I feed my daughter a mix of my breast milk, formula and donated breast milk from five different women. Not only has donated breast milk benefited my daughter’s digestion and overall health, it has introduced me to other moms that I’m now proud to consider part of my community.
We were only two days postpartum, after a beautiful unmedicated birth, when the first hospital-based lactation consultant looked at my breasts and her face fell a little bit. She informed me with a matter of fact tone that I might have breast hypoplasia/Insufficient Glandular Tissue (IGT). She said not to try too hard or be too hard on myself, as physiologically I might never make enough milk for my daughter.
It turns out, she was right.
When my milk finally came in, my daughter only transferred 10ml per feeding — less than half an ounce. However, through herbal supplements, medication, and pumping after each feeding I’ve managed nearly four months later to increase that amount to nearly an ounce per feeding. Bottom line: I’ve only ever made 8-10 ounces of breastmilk a day, max. Not nearly enough for my daughter.
So at four days postpartum, after my daughter’s weight dropped too far and my milk supply was not increasing my husband helped me begin supplementing with formula using a syringe and feeding tube at the breast. I was just relieved to have a plan, and as my daughter thrived I was grateful for formula and the nourishment it was offering my baby. At six days postpartum we met with a local lactation consultant. She guided us on how to continue trying to increase my milk supply, and in the meantime how much to supplement. And she also mentioned donor milk.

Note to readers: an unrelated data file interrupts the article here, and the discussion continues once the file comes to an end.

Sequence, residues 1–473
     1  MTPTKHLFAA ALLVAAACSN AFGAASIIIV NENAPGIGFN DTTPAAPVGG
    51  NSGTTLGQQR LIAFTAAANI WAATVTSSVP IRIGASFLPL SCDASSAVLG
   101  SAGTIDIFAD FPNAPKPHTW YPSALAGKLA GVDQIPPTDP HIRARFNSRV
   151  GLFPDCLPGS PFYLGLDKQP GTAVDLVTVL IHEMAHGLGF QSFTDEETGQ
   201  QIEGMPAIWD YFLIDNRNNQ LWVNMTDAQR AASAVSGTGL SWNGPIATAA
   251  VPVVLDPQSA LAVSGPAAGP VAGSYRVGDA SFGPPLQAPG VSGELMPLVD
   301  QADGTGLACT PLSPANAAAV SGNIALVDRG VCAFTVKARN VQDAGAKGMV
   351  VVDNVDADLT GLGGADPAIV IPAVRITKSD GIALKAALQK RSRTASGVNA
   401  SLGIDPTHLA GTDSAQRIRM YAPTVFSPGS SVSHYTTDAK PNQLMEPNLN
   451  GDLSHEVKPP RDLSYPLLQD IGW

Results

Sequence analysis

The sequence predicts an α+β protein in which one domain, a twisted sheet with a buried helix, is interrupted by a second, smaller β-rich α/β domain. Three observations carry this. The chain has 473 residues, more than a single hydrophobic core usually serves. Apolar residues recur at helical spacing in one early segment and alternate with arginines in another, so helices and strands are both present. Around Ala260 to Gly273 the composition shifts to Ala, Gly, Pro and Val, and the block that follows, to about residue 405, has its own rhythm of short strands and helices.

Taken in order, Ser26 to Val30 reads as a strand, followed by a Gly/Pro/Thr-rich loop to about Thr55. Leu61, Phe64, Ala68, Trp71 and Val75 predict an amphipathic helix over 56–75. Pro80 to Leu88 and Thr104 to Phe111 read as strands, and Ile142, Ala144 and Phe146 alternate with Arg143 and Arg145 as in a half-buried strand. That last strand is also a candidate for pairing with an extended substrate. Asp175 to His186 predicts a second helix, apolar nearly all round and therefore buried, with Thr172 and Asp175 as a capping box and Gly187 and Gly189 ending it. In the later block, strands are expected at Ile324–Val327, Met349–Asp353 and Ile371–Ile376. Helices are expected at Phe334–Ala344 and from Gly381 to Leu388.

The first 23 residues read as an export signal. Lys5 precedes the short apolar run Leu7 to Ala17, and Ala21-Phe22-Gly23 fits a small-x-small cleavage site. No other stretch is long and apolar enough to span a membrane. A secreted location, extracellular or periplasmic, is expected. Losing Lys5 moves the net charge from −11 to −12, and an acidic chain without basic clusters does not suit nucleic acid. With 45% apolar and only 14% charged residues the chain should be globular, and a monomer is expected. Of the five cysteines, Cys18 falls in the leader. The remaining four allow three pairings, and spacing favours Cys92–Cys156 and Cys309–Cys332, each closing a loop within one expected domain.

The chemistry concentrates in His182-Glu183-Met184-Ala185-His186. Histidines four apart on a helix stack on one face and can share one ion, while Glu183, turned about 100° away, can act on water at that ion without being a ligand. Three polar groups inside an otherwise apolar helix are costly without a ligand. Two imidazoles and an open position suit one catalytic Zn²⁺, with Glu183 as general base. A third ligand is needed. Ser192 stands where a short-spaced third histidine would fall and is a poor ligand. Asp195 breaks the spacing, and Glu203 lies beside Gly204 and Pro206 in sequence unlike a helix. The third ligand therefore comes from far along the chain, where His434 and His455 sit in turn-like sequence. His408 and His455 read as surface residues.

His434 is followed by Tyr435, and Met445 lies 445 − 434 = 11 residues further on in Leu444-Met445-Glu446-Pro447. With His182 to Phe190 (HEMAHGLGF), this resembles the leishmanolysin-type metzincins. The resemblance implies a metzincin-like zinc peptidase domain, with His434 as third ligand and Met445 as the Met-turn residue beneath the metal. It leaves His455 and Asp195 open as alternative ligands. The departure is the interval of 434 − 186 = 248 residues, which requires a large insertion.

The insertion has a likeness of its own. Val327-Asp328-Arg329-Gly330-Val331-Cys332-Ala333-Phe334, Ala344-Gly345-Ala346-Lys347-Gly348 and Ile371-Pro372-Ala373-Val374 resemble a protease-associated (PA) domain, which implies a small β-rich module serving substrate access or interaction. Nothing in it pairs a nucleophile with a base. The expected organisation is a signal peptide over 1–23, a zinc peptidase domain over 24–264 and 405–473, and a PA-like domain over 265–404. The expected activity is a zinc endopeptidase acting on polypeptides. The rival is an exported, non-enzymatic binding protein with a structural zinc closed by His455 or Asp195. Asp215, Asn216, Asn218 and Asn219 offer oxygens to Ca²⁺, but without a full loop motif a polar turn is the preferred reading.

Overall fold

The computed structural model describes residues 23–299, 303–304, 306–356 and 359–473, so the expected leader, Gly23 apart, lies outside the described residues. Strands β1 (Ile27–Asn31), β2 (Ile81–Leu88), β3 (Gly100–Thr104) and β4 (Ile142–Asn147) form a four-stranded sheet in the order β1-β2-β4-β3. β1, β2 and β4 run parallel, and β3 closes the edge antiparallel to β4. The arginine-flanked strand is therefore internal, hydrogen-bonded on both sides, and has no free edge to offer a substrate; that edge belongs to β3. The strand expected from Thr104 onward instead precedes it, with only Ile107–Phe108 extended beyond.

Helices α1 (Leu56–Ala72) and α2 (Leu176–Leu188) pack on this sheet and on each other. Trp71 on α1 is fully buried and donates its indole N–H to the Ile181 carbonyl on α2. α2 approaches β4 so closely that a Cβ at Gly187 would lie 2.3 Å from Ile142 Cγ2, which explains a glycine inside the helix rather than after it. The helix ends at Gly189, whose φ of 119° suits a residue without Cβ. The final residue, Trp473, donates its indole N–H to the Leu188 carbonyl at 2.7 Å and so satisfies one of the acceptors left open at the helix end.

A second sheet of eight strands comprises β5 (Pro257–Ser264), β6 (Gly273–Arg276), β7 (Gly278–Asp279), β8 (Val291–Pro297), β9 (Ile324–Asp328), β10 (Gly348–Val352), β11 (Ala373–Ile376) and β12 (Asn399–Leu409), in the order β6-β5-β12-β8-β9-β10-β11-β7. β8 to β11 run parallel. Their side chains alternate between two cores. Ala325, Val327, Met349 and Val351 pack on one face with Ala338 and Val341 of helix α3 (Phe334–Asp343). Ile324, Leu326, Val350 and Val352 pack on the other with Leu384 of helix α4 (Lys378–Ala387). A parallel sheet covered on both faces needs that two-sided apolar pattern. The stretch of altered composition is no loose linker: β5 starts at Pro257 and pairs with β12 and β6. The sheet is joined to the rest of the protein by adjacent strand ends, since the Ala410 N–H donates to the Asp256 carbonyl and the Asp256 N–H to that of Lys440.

I originally brushed off the idea of donor milk. While it made sense since human breast milk is designed for babies, it seemed like it would be awkwardly intimate to use another mother’s milk, and I was also afraid of disease transmission. My husband and I were not in a place to pay the high price for formal milk bank donor milk, and informal channels made me nervous. I was also clinging to the hope that all the work I was putting into making my own breast milk would pay off and I might someday be able to exclusively breastfeed. A few weeks later, however, I had to come to the painful realization that would never happen. I cried as I realized I would be supplementing my daughter’s diet with either formula or donor milk for the long-term.
So I began looking into donor breast milk. I checked out the milk sharing Human Milk for Human Babies Facebook pages, but was too uncomfortable with the idea of taking milk from strangers. Somehow breast milk from friends or friends of friends made me a lot more comfortable. I sent an exploratory email to the moms I know in the area, asking if they or anyone they knew had extra milk they could donate.
I only sent that email to six other mamas, but one friend responded that her friend had some extra milk due to an oversupply. Another friend/co-worker responded that she herself was weaning her toddler, and had just stopped pumping at work. She offered to resume pumping once a day and donate that milk to us. I was blown away with gratitude — what a gift — but also nervous. Do we trust other milk enough to feed it to our daughter? My husband and I made a decision together to trust. We decided these moms were feeding this milk to their own babies, so we would choose to feed it to our baby as well.